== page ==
Autism and Cholesterol

Greetings Earthlings! 🙂

Following on from my recent post about diet and autism, this week I’d like to discuss a biomolecule that is not often talked about in the literature about autism- cholesterol.

When it comes to cholesterol, we usually think of it as a bad thing- that fatty yellow stuff that clogs up our arteries when we eat too much of the wrong foods. But there is so much more to cholesterol than most people realize. Cholesterol is an essential biomolecule involved in the synthesis of numerous other bodily substances such as steroid hormones, vitamin D and bile. It’s also an essential component of our cell membranes.

There are 2 types of cholesterol- LDL and HDL. LDL (low-density lipoprotein) makes up most of the cholesterol in the body. This is often referred to as the bad type of cholesterol as a build up of this can clog the arteries. HDL (high-density lipoprotein) on the other hand, is considered the good kind of cholesterol as it absorbs waste cholesterol and shuttles it to the liver for removal from the body.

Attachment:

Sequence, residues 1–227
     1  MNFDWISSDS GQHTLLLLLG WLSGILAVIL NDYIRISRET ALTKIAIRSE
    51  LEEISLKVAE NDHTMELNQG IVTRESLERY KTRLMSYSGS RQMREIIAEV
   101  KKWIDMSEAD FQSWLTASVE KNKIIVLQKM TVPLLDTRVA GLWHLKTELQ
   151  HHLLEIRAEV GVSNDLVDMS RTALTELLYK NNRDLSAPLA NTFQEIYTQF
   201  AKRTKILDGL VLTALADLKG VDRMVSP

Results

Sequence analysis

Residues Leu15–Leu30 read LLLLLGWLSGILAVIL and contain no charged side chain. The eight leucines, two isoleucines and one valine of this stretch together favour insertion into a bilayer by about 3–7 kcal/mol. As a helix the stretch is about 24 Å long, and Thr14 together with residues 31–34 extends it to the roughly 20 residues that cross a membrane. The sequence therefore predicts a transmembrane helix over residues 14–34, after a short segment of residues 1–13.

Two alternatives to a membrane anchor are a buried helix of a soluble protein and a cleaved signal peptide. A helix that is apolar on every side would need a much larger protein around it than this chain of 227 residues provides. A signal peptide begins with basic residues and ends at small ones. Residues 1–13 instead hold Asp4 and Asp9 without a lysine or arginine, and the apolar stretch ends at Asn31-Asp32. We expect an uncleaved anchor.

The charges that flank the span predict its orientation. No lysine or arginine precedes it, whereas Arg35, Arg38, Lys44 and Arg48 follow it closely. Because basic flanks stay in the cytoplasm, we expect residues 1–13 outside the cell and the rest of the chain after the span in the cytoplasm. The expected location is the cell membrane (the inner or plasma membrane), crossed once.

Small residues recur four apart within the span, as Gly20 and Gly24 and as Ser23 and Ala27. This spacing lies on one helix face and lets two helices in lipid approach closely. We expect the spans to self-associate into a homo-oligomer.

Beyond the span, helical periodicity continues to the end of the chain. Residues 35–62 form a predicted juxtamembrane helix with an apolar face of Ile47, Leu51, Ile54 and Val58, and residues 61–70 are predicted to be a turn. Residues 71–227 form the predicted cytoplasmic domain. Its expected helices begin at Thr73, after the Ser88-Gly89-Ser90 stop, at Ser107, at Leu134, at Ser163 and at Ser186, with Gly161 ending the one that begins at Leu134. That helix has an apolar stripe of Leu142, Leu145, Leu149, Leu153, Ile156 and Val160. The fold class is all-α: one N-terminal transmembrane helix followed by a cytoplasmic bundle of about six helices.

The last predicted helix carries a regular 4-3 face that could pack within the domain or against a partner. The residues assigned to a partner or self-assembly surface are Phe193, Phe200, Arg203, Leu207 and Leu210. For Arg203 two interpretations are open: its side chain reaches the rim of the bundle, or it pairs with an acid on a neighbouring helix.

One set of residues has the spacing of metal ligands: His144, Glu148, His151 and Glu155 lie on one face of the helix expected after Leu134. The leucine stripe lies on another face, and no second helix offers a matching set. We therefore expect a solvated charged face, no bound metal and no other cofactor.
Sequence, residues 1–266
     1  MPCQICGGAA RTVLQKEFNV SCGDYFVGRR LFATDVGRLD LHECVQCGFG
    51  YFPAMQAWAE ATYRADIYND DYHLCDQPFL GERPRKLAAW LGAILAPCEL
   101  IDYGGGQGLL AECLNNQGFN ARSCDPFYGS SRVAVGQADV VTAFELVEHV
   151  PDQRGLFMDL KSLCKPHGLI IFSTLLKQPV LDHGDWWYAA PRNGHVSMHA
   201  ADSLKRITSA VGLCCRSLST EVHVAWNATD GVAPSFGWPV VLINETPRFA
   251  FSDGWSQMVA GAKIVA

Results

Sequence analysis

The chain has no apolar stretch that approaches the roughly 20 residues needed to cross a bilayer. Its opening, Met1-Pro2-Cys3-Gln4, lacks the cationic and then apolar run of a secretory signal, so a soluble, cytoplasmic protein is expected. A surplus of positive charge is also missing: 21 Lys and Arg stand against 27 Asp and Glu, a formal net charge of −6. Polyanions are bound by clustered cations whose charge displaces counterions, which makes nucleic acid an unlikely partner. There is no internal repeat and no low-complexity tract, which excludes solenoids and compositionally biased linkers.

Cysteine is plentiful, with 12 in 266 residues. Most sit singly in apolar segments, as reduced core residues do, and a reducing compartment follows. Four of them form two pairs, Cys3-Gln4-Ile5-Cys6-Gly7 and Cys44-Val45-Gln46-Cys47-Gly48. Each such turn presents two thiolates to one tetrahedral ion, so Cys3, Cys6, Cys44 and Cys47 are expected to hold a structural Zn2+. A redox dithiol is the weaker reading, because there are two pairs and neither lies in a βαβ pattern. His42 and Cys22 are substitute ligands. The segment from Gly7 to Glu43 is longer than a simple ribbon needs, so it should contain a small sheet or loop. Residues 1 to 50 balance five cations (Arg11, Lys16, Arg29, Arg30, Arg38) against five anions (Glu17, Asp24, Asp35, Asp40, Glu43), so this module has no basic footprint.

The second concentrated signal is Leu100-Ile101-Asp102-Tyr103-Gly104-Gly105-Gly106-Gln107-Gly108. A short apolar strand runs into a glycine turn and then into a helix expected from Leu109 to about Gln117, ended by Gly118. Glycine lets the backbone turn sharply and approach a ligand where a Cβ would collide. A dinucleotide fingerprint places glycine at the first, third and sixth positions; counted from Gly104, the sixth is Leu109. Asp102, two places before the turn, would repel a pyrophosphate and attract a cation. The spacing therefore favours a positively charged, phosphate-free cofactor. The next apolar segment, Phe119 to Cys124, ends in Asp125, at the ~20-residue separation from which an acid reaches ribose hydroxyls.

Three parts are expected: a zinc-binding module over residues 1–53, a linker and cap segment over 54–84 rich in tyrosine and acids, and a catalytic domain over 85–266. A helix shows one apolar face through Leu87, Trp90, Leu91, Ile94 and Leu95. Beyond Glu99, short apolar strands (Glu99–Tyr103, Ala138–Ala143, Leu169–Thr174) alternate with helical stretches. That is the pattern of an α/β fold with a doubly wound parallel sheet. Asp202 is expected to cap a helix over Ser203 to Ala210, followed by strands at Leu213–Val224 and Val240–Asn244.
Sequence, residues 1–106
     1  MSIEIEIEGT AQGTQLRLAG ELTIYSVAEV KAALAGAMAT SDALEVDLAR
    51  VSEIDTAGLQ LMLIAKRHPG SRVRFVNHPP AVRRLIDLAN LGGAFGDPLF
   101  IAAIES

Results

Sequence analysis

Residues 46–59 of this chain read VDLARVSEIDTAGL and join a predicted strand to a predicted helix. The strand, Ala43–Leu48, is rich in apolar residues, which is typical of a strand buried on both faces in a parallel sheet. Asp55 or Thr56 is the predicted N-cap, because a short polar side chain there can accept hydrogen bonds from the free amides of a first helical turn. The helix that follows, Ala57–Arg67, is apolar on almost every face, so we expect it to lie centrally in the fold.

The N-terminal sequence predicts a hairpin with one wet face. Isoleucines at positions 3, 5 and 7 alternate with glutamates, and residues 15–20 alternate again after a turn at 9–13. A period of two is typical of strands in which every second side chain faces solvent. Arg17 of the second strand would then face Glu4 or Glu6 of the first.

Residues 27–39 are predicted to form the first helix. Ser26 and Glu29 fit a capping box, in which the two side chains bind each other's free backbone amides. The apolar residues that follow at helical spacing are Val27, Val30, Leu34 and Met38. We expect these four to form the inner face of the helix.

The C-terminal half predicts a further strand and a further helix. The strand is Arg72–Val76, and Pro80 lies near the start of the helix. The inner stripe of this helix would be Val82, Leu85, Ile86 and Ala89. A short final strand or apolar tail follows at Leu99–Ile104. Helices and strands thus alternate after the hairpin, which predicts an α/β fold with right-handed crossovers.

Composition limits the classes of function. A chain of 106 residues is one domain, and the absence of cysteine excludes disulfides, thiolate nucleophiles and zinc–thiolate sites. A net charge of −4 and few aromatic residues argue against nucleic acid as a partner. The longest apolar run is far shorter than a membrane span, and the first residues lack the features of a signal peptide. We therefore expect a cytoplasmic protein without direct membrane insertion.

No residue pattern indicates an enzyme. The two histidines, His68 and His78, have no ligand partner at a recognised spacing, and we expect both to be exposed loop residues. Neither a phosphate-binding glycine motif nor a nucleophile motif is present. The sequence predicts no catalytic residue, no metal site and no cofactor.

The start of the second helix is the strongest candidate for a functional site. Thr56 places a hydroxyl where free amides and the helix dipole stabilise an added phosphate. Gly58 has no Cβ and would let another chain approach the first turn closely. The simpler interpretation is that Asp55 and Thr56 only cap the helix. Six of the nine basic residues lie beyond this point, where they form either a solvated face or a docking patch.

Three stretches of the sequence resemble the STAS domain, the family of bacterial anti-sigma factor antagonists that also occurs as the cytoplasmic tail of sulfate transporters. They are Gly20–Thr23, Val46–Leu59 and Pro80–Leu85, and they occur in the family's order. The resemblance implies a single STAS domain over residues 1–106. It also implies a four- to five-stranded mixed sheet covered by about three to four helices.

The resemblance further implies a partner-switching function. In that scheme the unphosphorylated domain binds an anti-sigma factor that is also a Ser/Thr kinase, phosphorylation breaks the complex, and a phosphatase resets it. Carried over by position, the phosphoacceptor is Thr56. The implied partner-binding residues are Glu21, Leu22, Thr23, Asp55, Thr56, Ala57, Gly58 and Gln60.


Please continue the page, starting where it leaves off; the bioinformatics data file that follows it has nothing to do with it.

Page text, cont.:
So what has cholesterol got to do with autism?

Here’s where things get interesting. Cholesterol is involved in modulating the oxytocin receptor and the serotonin 1-A receptor- neurotransmitters that are dysregulated in the autistic brain which contribute to a number of autistic symptoms. Multiple studies have reported that some autists have hypocholesterolemia (i.e low cholesterol levels). Cholesterol deficits could interfere with the functioning of the oxytocin and serotonin receptors and contribute to autistic symptoms. Recent research has identified mutations in a cluster of genes involved in cholesterol metabolism in certain forms of autism which likely causes these lowered cholesterol levels. Cholesterol and omega fish oil supplementation may be useful to help counter the impact of low cholesterol on the brain.

Cholesterol Fat The Structural - Free image on Pixabay

Hope you enjoyed this post dear Earthlings! 🙂

Have a lovely weekend!

Aoife

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